Follow us:

Northwest Traveler

Travel news, consumer advice and trip reports for the Northwest and beyond.

July 10, 2014 at 6:01 AM

Should climbers pay for their rescue? Here’s one who’s ‘paying it forward’ (Take our poll)

Members of Everett Mountain Rescue lead Kelly Jackson’s climbing party from Camp Schurman on Mount Rainier. (courtesy of Everett Mountain Rescue)

Should rescued climbers be billed for their rescue? It’s a question that can generate more heat than a steam vent atop Mount Rainier. You might consider the case of Kelly Jackson, of Maple Valley, who was rescued from the mountain last August.

Jackson, then 43, and four friends — all but one first-timers — topped the peak last Aug. 25 on a sunny but windy morning after an uneventful climb via Camp Schurman and the Emmons Glacier. On the way down, the clear sky changed quickly. They hit whiteout conditions less than 1,000 feet below the summit “and it was blowing so hard it was just trying to rip you off the ridge,” Jackson recalls. His group ended up spending two stormy, harrowing nights in an igloo and snow cave they created.

“We finished the igloo, climbed inside, and huddled together for what felt like the longest night of our lives,” Jackson wrote in an account for the internal newsletter at REI’s Kent headquarters, where he works.

They were able to notify park authorities by cell phone, sparking a long and concerted rescue effort by climbing rangers and volunteers. Before the second night was over, Jackson says, everyone in his party was wondering if they’d see their loved ones again. He says the sight of a ranger climbing out of the storm the second morning was a sight burned into his memory “until the day I die.”

“They thought they were going to find bodies up there,” he recalls. “It was dire.”

Five rangers led them safely down to Camp Schurman, and volunteers from Everett Mountain Rescue accompanied them the next day to the base of the mountain. The rescue cost about $7,000, rangers told Jackson.

While some rescue efforts aren’t followed by so much as a thank-you note to rescuers, Jackson wasn’t about to let that happen. He networked with his own family and friends last year and raised close to $20,000 that he has channeled through Washington’s National Parks Fund to help with a project chosen by the park’s climbing rangers — to improve communications equipment at Camp Schurman.

That’s not all. At Jackson’s instigation, 17 REI employees from across the country, including CEO Jerry Stritzke, will attempt to summit Rainier in two guided climbs in early August. The climbers — to include Jackson — are working to raise money through personal sponsors (click here to contribute), and REI has pledged to match up to $2,000 per climber, also to go to the Camp Schurman project.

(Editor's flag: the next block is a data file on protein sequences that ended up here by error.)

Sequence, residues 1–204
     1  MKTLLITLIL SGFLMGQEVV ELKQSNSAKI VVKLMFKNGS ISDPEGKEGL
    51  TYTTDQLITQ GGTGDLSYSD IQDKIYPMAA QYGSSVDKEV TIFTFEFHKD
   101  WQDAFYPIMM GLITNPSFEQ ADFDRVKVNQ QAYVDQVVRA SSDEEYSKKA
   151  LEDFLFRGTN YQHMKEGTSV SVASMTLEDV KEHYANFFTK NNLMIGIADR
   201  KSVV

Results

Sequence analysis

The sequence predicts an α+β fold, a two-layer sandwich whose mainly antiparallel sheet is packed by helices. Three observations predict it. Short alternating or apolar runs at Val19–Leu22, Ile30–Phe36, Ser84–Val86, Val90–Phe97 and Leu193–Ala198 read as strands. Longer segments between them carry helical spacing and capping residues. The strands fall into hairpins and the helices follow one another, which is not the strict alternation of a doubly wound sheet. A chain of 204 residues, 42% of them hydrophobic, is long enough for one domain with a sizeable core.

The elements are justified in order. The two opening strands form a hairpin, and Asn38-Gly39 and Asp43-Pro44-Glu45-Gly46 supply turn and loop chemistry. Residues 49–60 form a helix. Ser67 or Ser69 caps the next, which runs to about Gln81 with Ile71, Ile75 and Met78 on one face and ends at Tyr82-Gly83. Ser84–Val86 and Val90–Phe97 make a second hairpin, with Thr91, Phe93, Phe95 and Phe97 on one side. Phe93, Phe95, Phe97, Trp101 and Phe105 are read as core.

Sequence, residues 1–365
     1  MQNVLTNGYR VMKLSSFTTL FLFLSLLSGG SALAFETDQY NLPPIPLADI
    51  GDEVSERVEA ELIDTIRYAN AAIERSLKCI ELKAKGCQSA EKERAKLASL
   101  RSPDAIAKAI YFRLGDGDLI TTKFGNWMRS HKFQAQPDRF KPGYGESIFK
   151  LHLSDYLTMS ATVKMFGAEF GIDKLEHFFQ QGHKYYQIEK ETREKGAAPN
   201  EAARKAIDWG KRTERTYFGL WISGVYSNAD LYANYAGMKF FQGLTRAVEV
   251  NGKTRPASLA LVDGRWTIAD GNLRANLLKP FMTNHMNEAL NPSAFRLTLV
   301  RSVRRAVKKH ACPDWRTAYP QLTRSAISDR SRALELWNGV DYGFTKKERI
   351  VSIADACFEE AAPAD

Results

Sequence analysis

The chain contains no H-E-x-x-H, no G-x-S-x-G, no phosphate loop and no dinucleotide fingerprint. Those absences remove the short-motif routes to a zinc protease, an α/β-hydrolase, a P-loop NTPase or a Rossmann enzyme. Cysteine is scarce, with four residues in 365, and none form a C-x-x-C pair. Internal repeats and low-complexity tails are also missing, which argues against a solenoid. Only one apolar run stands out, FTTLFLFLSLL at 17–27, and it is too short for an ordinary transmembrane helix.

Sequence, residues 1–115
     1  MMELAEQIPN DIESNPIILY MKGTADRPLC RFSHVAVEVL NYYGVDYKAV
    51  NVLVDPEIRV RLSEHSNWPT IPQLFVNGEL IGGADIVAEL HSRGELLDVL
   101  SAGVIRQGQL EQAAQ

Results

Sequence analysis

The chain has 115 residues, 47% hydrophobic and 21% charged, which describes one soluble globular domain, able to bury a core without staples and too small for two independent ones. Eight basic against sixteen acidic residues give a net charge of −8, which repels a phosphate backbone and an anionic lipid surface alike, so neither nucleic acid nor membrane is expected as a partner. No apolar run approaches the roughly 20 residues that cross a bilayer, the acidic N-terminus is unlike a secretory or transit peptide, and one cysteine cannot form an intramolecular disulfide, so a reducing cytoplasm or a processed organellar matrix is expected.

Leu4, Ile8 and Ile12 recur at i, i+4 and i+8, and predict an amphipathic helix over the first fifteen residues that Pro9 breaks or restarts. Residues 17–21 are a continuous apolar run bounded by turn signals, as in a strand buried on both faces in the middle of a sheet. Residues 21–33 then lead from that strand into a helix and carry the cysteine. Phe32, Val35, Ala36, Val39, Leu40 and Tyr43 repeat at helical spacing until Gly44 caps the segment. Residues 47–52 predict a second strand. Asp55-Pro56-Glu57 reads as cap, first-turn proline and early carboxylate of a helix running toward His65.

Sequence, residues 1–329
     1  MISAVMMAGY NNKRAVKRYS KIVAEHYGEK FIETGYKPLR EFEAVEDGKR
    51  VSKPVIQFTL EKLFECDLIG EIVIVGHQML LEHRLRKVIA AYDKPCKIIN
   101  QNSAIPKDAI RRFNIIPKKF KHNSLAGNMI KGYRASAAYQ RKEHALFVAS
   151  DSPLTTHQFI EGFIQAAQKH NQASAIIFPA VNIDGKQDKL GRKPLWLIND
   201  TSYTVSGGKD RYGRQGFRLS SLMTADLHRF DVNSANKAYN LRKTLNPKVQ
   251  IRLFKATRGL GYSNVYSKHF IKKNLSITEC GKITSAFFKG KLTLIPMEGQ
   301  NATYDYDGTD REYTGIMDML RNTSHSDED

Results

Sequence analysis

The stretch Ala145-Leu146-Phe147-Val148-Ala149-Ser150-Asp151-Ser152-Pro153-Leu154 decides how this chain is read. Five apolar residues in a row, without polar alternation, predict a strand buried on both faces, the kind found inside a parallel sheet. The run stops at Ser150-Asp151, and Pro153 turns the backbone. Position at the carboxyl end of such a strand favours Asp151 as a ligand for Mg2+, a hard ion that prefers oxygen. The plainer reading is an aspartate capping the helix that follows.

But Jackson’s gratitude is hard to contain. If you want to join in (and meet him), a West Seattle bar called West 5 is hosting a fundraising happy hour, donating beer — Rainier, naturally — and a portion of proceeds to the same effort. It’s 6-9 p.m. Wednesday, July 16, at 4539 California Ave. S.W.

Should people be billed for their rescue?

“It’s a hard one,” Jackson responds, noting that climbing fees already help pay for such rescues. Every climber must purchase a permit at a cost of $31 to $45, and according to Chief Ranger Chuck Young last year’s permit fees for Rainier totaled $225,000 more than the cost of rescues — though the fees also pay for many other things, ranging from high-camp waste removal to climbing-ranger training and gear. (See our recent article on the challenges facing Mount Rainier and Washington’s other national parks.)

In any case, if all rescued climbers responded as Jackson has, the question of billing need be raised no more.

“I feel like I’m indebted to these guys and I need to do anything I can to pay it back — or pay it forward,” Jackson said.

What do you think? Take our poll.



Comments | Topics: mount rainier, mount rainier national park, rescue billing


No personal attacks or insults, no hate speech, no profanity. Please keep the conversation civil and help us moderate this thread by reporting any abuse. See our Commenting FAQ.

The opinions expressed in reader comments are those of the author only, and do not reflect the opinions of The Seattle Times.

The Seattle Times

The door is closed, but it's not locked.

Take a minute to subscribe and continue to enjoy The Seattle Times for as little as 99 cents a week.

Subscription options ►

Already a subscriber?

We've got good news for you. Unlimited content access is included with most subscriptions.

Subscriber login ►
The Seattle Times

To keep reading, you need a subscription upgrade.

We hope you have enjoyed your complimentary access. For unlimited access, please upgrade your digital subscription.

Call customer service at 1.800.542.0820 for assistance with your upgrade or questions about your subscriber status.

The Seattle Times

To keep reading, you need a subscription.

We hope you have enjoyed your complimentary access. Subscribe now for unlimited access!

Subscription options ►

Already a subscriber?

We've got good news for you. Unlimited content access is included with most subscriptions.

Activate Subscriber Account ►